A modular 3D printed throttle quadrant and trim wheel for use with flight simulators.
Project tutorial by markbennettuk
A clock that shows the time on 3 panel mount voltmeters.
A project to build an Arduino powered Tic Tac Toe and Lights Out game board.
Ever wanted to play with the computer that sparked the personal computer age but don't have the cash to buy an Altair?
Build your own!
Project tutorial by David Hansel
A useful tool for accurately measuring long distances.
Project tutorial by Mirko Pavleski
Nice looking wooden analog style clock with Arduino Nano and 1mA ammeters.
Hi, you will have to use the serial monitor to try to find out what is wrong, difficult to help without seeing the code and problem live. Hope you get it sorted. Mark
In the attached video there is a segment on how to put the correct values into my Arduino sketch, that sketch translates the values from the used range of the pot, approx 90 degrees, to the Windows standard range of 0 to 1023. Using and Arduino Micro or Leonardo along with the Joystick library enables the device to be seen as a game controller, this can then be set up in the game to control any of the input controls that are configurable. This is also shown later in the video.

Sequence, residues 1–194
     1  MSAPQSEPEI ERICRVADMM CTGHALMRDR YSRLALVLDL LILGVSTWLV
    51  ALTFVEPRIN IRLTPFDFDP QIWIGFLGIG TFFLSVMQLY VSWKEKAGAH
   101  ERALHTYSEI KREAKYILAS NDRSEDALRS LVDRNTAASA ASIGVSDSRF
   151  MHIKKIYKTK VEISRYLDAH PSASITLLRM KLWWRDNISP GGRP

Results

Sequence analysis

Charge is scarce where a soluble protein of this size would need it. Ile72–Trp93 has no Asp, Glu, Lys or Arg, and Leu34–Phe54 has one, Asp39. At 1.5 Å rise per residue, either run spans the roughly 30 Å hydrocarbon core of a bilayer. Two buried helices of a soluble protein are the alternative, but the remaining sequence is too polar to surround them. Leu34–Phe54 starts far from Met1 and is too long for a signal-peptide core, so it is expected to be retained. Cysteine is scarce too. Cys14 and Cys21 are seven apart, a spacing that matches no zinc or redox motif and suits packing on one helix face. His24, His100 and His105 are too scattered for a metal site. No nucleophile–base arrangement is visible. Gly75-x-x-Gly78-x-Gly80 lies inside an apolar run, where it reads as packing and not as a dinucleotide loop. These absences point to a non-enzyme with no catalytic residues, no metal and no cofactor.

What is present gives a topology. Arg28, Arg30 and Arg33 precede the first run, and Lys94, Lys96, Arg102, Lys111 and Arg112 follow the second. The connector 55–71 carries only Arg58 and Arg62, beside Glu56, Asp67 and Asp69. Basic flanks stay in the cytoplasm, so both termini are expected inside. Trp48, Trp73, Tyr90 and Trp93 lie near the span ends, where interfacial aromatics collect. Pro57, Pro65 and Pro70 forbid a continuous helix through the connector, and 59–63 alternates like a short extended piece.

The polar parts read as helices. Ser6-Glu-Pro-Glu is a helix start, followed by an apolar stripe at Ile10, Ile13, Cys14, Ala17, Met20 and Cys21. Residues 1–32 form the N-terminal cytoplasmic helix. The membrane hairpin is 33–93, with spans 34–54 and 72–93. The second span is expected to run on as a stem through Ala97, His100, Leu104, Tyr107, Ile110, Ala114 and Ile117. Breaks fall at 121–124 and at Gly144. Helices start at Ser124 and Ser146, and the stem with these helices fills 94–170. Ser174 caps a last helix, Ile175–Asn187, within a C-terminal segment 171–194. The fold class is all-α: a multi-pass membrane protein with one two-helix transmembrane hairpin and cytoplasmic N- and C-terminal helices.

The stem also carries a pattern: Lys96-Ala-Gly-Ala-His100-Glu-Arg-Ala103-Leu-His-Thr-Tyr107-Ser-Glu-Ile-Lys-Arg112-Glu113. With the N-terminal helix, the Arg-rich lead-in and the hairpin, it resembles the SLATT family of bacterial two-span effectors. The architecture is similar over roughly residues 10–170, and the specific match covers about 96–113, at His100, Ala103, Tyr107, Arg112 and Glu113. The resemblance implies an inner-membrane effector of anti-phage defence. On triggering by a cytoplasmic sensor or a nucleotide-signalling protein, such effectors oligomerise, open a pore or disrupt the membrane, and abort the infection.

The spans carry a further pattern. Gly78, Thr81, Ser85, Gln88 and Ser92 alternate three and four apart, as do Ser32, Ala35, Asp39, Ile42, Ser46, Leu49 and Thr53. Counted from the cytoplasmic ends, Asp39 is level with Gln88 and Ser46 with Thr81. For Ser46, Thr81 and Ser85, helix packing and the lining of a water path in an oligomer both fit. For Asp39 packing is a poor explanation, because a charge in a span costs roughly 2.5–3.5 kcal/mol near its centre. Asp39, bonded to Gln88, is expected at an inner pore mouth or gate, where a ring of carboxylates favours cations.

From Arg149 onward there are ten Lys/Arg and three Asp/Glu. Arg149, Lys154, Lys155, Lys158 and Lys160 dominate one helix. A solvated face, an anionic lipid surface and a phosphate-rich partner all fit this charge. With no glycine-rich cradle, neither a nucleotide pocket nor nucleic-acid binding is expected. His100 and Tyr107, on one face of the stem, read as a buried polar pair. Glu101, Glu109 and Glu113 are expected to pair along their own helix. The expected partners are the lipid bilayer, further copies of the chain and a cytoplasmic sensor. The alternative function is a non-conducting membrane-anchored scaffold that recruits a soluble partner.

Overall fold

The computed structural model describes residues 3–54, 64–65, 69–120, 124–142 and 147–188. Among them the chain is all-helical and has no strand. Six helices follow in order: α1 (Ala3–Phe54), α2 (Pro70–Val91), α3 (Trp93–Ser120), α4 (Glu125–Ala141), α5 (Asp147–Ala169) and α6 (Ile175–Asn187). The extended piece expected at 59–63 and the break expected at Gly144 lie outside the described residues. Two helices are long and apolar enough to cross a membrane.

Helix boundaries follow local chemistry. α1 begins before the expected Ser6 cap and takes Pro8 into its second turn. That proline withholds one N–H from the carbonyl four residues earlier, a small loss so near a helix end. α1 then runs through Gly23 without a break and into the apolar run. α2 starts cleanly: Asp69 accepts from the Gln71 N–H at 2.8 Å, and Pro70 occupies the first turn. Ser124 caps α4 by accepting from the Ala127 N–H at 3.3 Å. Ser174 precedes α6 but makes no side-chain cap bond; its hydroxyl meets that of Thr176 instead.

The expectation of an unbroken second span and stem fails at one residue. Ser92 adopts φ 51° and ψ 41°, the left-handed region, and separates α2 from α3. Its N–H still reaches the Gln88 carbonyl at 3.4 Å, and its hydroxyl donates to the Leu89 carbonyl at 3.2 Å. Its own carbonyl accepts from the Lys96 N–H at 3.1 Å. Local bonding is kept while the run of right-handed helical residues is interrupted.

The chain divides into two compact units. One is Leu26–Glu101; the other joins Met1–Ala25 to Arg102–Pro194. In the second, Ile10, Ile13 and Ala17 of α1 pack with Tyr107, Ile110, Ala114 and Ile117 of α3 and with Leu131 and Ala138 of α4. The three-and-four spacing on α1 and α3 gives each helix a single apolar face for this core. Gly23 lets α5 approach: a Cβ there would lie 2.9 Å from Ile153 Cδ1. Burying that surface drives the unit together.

Hope this helps
Hi, your values seem very similar to mine so I think it should work just fine, the resolution of the pot should be sufficient to allow the limited travel to be enough for good control. One thing I have noticed with flight sim 2020 is that I need to move the levers from end to end before starting to fly or else they can be very sensative, I assume that the sim needs to detect and register the range of travel before it works correctly, this applies to my joystick (a shop bought one) as well as my quadrants.
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